FIG. 14 is a cross-sectional view of a slot transistor having isolation regions which extend through of FIG. 14;
FIG. 15 is a plan view of the slot transistor of FIG. 14;
FIG. 16 is a slot transistor having the collector slots formed within isolation slots;
FIG. 17 is a plan view of the contact scheme for one embodiment of the present invention;
FIG. 19 is a cross-sectional view of FIG. 18 taken through line 19--19;
FIG. 20 is a cross-sectional view of FIG. 18 taken through line 20--20;
FIG. 21 is a plan view of another contact scheme for the embodiment of FIG. 18;
FIG. 22 is a contact scheme of another embodiment of the present invention;
FIG. 23 is a plan view of a contact scheme of another embodiment of the slot transistor of the present invention; and
FIG. 24 is a cross-sectional view of FIG. 23 taken through line 24--24.
The active area of a transistor is determined by the size of the emitter. As lateral dimensions are reduced, it is only possible to increase this area for a given cross-sectional size by increasing the vertical dimension of the device. A bipolar transistor having an enhanced vertical dimension also may have a performance very close to the theoretical maximum due to the low levels of the critical components of parasitic capacitance. For example, in most circuit applications the collector-to-base capacitance (CCB) and the collector-to-substrate capacitance (CCS) are important parameters in determining device performance.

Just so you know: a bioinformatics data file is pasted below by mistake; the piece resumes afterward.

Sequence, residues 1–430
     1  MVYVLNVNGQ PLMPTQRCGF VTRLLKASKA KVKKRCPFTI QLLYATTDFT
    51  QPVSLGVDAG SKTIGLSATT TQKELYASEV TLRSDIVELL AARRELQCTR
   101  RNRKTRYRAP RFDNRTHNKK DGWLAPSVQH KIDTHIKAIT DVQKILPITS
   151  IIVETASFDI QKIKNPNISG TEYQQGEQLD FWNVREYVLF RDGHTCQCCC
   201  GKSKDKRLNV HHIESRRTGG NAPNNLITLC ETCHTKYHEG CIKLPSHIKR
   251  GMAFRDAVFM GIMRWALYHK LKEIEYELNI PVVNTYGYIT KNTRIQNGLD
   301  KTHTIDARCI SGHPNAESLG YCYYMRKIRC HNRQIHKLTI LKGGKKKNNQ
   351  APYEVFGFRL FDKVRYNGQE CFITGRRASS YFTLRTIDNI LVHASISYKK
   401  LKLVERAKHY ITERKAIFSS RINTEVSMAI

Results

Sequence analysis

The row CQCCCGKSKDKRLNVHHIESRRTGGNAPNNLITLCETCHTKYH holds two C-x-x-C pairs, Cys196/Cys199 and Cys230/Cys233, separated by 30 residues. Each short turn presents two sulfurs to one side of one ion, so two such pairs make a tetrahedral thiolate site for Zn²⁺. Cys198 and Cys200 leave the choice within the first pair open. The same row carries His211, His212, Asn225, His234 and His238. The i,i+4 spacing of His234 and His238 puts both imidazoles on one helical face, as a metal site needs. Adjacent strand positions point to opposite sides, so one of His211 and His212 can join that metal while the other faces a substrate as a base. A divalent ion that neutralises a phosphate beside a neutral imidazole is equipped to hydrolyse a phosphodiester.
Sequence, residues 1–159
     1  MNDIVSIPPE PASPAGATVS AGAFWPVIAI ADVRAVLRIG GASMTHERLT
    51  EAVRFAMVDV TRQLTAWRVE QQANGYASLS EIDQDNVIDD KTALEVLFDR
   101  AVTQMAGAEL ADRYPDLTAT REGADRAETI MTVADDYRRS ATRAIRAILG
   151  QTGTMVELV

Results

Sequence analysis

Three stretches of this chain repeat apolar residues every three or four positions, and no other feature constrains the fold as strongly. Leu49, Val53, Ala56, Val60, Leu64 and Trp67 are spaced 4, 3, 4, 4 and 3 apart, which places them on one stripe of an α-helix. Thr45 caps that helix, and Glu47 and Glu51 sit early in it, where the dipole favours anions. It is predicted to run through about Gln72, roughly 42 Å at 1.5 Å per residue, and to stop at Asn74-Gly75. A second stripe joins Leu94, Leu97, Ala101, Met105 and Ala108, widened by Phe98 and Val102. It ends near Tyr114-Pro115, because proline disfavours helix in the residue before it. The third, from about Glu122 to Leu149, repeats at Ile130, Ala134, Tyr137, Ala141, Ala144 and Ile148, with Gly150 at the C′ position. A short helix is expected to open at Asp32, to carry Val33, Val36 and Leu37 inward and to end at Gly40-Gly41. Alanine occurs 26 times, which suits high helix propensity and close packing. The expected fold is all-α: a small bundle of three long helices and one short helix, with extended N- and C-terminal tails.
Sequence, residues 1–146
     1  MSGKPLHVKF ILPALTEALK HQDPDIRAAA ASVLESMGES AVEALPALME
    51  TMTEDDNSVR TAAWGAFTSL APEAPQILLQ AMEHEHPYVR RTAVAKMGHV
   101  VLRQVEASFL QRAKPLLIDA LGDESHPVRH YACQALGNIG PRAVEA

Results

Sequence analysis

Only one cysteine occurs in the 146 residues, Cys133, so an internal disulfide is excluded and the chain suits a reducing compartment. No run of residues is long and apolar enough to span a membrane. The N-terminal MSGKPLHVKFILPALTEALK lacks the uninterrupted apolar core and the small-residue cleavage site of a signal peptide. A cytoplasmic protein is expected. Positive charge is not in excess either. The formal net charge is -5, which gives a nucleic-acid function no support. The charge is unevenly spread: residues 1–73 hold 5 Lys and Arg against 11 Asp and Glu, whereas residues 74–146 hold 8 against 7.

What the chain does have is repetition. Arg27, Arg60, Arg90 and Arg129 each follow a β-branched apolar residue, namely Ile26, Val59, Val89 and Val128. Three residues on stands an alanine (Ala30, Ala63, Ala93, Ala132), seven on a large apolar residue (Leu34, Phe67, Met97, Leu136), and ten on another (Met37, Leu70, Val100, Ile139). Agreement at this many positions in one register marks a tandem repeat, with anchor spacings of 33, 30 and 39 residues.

As shown in the prior art of FIG. 1, a typical bipolar transistor has an emitter 14 formed in a base region 13 which is in contact with a collector region 21. The device depicted is an npn transistor. Conduction of carriers across the pn junctions occurs over the full areal extent of the junctions. However, since the junctions are primarily horizontally disposed most of the carriers traverse a vertical or near vertical path. The vertical character of the carrier flow is enhanced by the presence of n+ buried collector 15 which takes away any lateral component of carrier flow that would result if the current flowed from base 13 through the bulk of collector 21 directly to collector contact region 12 and collector contact 16. Carrier flow, then, is from the emitter 14 to the base 13 across the junction 20 and between the base 13 and n+ buried collector 15 across the junction 22 and thence to collector contact region 12 and collector contact 16. As the densities of bipolar integrated circuits increase, the horizontal component of the two junctions decreases compared to the vertical component as the overall junction area decreases. This, in turn, reduces the gain of the transistor, and generally reduces performance by increasing parasitic capacitance, both undesirable consequences.
In vertical bipolar transistors of the prior art, as shown in FIG. 1, the physical collector is usually much larger than the active collector region in order to make effective electrical contact. With the slot structure of the present invention; however, the physical collector and the physical base are each virtually equal to the active base thereby reducing the related parasitic capacitances (CCB and CCS) to their minimums. The base-to-emitter capacitance (CBE) is larger due to the increased base doping allowed by the use of a SIPOS emitter; fortunately, CBE is not a critical determinant of speed in most bipolar circuits.